A Sneak Peek at Fashion Weekdate: 9/10/2015
A Sneak Peek at Fashion Week
Fall clothes are barely in stores, but the spring 2016 collections hit the runway this week in New York. This season, the city’s gritty, crowded fashion week is drawing fresh attention from European luxury brands.
On Friday, Givenchy will show in New York instead of its home, Paris, and give away 1,200 tickets to the public, in addition to the fashion editors and store buyers who typically attend shows. The brand took requests on a first-come, first-served basis and let the winners know earlier this week. The publicity stunt comes as many European brands seek to expand in the healthy U.S. luxury market, now that markets like China and Russia are cooling off.
New York is the first of four fashion weeks, followed by London, Milan and Paris. The U.S. city’s designers may also benefit as ultraluxury retailer Net-a-Porter scouts catwalks for the sort of midprice “contemporary” labels in which New York specializes. Net-a-Porter’s strategy to sell more commercial clothing is aimed at attaining profitability after the London company’s steady net losses.
Roughly 190 labels will show on New York’s official calendar—sometimes piled five labels per hour. That is more than the Milan and Paris fashion weeks combined. (Milan and Paris feature about 68 and 95 labels, respectively.)
Europe remains the standard-bearer for luxury brands, though. The Row, a young and high-priced New York label designed by former child actresses Mary-Kate and Ashley Olsen, is seeking to establish itself among luxury labels by shifting its show to Paris from New York.
For those without credentials for these invitation-only events, it will be easier than ever to see the fashions this season as digital peeks proliferate. Designer Yigal Azrouël will unveil part of his collection to the three million consumers on the mobile style app Covet Fashion before his runway show on Friday. Misha Nonoo will present a digital-only show Saturday morning, rather than her usual runway.
Twitter plans to aggressively promote its Periscope live streaming, Vine video sharing, photo filters, and other image-sharing capabilities in a series of fashion week events and partnerships. Twitter hopes to bolster its position against rival Instagram, a photo-friendly social app that has been widely adopted by fashion designers. It is already gaining momentum and says that tweets mentioning “fashion” rose 17% from August 2014 to August 2015.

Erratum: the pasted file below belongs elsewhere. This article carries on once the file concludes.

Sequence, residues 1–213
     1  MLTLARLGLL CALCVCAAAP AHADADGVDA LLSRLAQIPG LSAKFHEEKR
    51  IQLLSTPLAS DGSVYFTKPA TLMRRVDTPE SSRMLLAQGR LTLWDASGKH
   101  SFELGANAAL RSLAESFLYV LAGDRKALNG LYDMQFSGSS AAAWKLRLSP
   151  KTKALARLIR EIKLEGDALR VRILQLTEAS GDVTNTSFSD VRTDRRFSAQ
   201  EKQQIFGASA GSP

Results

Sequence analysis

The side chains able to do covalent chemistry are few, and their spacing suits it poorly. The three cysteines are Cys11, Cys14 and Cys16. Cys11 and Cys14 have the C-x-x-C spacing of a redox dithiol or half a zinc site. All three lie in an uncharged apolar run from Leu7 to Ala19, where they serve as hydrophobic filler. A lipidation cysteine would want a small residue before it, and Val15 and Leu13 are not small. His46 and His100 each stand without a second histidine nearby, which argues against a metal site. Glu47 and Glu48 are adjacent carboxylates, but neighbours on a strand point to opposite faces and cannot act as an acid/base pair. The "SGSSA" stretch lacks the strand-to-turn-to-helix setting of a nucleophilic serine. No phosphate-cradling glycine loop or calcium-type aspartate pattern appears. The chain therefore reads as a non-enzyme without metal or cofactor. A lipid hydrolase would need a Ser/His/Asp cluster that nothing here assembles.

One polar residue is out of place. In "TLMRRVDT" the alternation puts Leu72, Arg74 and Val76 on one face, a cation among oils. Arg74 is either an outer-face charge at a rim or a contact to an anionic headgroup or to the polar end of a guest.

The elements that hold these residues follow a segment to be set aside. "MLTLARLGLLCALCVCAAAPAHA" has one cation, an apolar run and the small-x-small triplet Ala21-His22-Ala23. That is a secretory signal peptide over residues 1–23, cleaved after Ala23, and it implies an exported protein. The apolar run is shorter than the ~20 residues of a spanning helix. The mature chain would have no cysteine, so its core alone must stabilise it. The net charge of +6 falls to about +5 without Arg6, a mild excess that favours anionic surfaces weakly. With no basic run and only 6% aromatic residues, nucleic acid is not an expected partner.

Barraged with images from the catwalks and backstage—consumers will be encouraged to use what Twitter employees are internally calling “fashtags” to help hype the week. Anyone who hashtags #NYFW will find attached to the tweet a revolving set of fashion-related emoji that Twitter designed.
There will be “Tweet cams”—-special cameras set up at shows to snap a photo and send it to Twitter users who use a special hashtag created for the event. There will also be Twitter “mirrors”—iPads that will allow attendees to snap a selfie that can then be broadcast.
IMG, the entertainment conglomerate that is organizing many shows during New York’s fashion week, is partnering with Twitter in a number of events and has a big digital push of its own. Its shows will be live-streamed, and a team will be editing and posting images and video steadily through the week. “We want designers to feel like showing with us is about the awesome experience of being there but also about creating a global event,” says Dan Porter, head of digital at IMG.
This is part of a recovery effort at IMG, which had seen the departures of designers including Michael Kors, Nanette Lepore and Diane von Furstenberg from its famous tents. Designers and attendees complained of a sponsorship-heavy convention-like atmosphere at the tents. Now without former namesake sponsor Mercedes-Benz, IMG has moved its shows to several locations further downtown and launched a new website, www.nyfw.com.
There seems to be no end of other companies seeking to glom on to the shows. Netflix has created a list of streamable fashion-related programming. It includes educational shows such as “Unzipped” and “Scatter My Ashes at Bergdorf’s,” and what it bills as “fashion packed fun” such as “Ready to Wear” and “Zoolander.”
Fashion weeks exist so that designers can put forth the ideas they hope will drive styles for the coming years, while selling these concepts to stores and magazines. One concept that will clearly take a stronger hold is athleisure, the combination of athletic and day wear that may be more a permanent movement than a flash-in-the-pan trend.
Tory Burch will launch Tory Sport—like Lululemon but dressier—at a pop-up shop downtown. The label Creatures of the Wind has paired up with Adam and Ryan Goldston of Athletic Propulsion Labs to offer a capsule collaboration of designer running shoes for the runway aimed at those who want the sport look in stingray.
The move to a more casual lifestyle is emerging even for dressy occasions. Katie Ermilio became known for her dressy dresses, but says her pants are her best-sellers lately—even for evening. “Evening wear is so modern now,” says Ms. Ermilio.
A peek at some of the designs and inspirations behind these collections suggests there will also be a continued interest in the kitten heel, in indigenous looks, and in transparent looks.